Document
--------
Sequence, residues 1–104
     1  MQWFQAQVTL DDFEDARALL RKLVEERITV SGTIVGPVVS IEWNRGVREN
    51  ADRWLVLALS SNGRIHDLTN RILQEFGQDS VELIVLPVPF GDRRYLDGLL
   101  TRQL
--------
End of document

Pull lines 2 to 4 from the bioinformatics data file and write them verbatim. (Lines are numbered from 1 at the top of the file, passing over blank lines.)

     1  MQWFQAQVTL DDFEDARALL RKLVEERITV SGTIVGPVVS IEWNRGVREN
    51  ADRWLVLALS SNGRIHDLTN RILQEFGQDS VELIVLPVPF GDRRYLDGLL
   101  TRQL